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Waiting to die: the hundreds condemned to years on death row in California

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Waiting to die: the hundreds condemned to years on death row in California


Hundreds of convicted killers are languishing in limbo on death row in California.

No-one has been executed in the state in almost a decade yet courts continue to sentence defendants to die.

Hence a build-up of condemned inmates at the state’s San Quentin prison, north of San Francisco.

The media has been invited inside to meet them.

“Currently there are 725 individuals who are housed here at San Quentin on death row,” Lieutenant Sam Robinson of the California Department of Corrections and Rehabilitation told reporters.

“The current death row population in the state of California is about 745. Those include women who are housed at another facility.”

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Support for capital punishment has fallen in California where just 13 people have been executed since the death penalty was reinstated in 1978.

The most populous state in the country, California is liberal and a Democratic stronghold.

Some prisoners awaiting execution at San Quentin have been on death row for more than three decades.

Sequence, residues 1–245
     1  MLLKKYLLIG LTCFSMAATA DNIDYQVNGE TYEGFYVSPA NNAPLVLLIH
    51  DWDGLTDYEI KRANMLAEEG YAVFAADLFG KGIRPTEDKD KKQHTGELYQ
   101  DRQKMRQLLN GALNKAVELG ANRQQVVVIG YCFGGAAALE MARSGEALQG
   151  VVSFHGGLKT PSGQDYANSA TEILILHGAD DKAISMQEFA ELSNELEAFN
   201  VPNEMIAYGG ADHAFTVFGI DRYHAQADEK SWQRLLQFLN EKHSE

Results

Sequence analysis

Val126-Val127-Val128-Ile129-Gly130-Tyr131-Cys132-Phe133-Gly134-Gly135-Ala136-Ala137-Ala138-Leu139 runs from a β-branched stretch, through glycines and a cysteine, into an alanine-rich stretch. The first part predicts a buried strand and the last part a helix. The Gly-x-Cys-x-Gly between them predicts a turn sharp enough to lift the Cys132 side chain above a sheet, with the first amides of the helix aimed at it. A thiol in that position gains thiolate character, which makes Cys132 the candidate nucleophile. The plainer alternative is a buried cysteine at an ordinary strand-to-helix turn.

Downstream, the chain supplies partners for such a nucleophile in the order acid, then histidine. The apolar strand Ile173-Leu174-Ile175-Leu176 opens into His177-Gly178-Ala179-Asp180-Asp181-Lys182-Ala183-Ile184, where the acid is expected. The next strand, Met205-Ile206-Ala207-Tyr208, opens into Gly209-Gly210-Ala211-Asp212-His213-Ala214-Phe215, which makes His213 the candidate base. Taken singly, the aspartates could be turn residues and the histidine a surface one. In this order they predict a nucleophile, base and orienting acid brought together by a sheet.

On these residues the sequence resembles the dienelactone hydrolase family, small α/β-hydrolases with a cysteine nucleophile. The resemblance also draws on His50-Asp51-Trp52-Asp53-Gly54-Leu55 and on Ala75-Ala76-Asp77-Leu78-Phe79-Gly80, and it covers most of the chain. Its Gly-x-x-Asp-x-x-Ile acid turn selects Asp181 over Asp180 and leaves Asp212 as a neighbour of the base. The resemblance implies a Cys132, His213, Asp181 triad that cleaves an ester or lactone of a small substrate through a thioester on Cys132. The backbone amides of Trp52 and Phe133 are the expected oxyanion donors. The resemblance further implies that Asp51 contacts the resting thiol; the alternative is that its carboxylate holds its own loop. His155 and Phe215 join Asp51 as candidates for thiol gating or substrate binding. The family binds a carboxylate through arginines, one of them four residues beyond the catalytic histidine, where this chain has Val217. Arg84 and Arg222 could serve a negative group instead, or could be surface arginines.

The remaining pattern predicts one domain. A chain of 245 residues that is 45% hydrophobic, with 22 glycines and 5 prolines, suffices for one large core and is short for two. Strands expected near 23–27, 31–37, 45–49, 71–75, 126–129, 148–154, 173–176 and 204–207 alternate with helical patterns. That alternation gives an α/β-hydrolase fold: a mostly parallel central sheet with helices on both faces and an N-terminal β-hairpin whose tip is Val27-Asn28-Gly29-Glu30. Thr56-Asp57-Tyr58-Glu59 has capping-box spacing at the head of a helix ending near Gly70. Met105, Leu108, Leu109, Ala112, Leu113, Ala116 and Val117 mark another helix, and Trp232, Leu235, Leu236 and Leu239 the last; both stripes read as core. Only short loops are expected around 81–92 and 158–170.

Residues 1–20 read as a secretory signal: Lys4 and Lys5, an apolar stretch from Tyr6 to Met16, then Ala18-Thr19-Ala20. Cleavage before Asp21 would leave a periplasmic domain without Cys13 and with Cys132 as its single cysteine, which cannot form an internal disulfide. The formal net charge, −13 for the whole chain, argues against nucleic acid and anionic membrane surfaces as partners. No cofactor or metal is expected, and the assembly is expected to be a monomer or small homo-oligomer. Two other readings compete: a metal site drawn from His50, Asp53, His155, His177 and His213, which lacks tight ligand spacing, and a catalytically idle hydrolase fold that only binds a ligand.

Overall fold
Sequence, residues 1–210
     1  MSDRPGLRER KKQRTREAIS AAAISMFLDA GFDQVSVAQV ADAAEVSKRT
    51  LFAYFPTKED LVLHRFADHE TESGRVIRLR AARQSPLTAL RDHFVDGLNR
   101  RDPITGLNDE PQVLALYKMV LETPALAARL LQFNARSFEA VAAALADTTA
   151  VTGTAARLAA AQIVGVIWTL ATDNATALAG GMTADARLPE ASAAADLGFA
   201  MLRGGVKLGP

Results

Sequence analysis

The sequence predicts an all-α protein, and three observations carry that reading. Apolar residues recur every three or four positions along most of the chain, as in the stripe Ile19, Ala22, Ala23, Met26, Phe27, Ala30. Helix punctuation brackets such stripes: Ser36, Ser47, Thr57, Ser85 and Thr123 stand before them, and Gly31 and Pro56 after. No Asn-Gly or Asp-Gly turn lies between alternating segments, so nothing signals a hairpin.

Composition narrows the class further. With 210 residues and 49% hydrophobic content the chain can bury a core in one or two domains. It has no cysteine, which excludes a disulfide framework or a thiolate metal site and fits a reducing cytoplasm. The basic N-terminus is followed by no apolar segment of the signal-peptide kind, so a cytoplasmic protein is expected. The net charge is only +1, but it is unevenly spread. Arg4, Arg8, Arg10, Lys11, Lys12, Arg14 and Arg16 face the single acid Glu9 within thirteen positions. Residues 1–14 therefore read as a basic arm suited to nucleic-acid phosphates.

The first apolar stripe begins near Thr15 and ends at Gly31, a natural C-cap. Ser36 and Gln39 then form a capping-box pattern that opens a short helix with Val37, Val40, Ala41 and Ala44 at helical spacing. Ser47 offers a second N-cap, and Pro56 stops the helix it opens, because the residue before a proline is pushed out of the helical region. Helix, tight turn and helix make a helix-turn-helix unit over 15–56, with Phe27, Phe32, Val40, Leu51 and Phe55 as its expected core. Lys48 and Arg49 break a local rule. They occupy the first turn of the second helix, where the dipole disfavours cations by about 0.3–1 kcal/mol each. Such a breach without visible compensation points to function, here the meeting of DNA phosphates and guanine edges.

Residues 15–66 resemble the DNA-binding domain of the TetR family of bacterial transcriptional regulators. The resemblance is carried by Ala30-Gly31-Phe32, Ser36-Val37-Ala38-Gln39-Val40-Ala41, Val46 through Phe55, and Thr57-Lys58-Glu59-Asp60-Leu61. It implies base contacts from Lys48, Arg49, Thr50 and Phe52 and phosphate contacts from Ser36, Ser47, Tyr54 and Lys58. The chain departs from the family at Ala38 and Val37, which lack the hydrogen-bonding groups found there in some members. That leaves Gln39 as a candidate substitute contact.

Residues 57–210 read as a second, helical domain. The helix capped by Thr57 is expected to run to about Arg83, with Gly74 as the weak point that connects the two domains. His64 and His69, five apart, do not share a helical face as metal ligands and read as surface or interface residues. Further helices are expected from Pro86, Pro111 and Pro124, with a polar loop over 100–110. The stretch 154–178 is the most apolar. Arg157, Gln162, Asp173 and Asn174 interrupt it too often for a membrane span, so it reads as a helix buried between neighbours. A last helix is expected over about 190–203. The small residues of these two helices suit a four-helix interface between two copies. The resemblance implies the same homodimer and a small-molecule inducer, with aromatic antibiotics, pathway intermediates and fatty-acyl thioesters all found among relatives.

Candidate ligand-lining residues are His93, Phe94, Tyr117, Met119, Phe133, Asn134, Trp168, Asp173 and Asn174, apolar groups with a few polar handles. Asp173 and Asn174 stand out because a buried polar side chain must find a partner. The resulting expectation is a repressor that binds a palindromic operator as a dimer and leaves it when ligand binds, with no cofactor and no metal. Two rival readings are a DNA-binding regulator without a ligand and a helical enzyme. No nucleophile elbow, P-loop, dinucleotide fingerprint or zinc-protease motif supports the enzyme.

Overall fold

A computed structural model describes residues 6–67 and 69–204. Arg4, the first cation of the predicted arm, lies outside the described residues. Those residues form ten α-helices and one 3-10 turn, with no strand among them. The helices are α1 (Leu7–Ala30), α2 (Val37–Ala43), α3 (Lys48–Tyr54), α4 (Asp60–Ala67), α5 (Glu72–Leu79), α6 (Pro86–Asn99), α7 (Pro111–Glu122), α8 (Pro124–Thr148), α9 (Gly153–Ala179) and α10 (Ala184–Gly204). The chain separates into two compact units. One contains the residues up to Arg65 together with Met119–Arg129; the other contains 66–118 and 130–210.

Dozens have died of natural causes on California’s death row, the largest in the United States, and 24 have committed suicide.

“Most of us sit here for years and years waiting on the appeals process, so it is not really something that is in the forefront of your mind,” said Charles Crawford, sentenced to death in 2002 for killing two people including a teenage girl.

“It is like an abstract thought because it is not something that happens every day. Since I have been here, they have only carried out two executions, you know what I mean, so it is almost like it is not even a real punishment for a lot of people.”

California’s system for imposing and carrying out the death penalty is so long and drawn-out that it amounts to cruel and unusual punishment and is unconstitutional, a federal judge ruled in 2014.

Legal rows over drugs used in a series of botched lethal injections have contributed to a decline in the number of executions across the US.

Opposing camps in California are campaigning for the death penalty to be either speeded up or abolished altogether in 2016.

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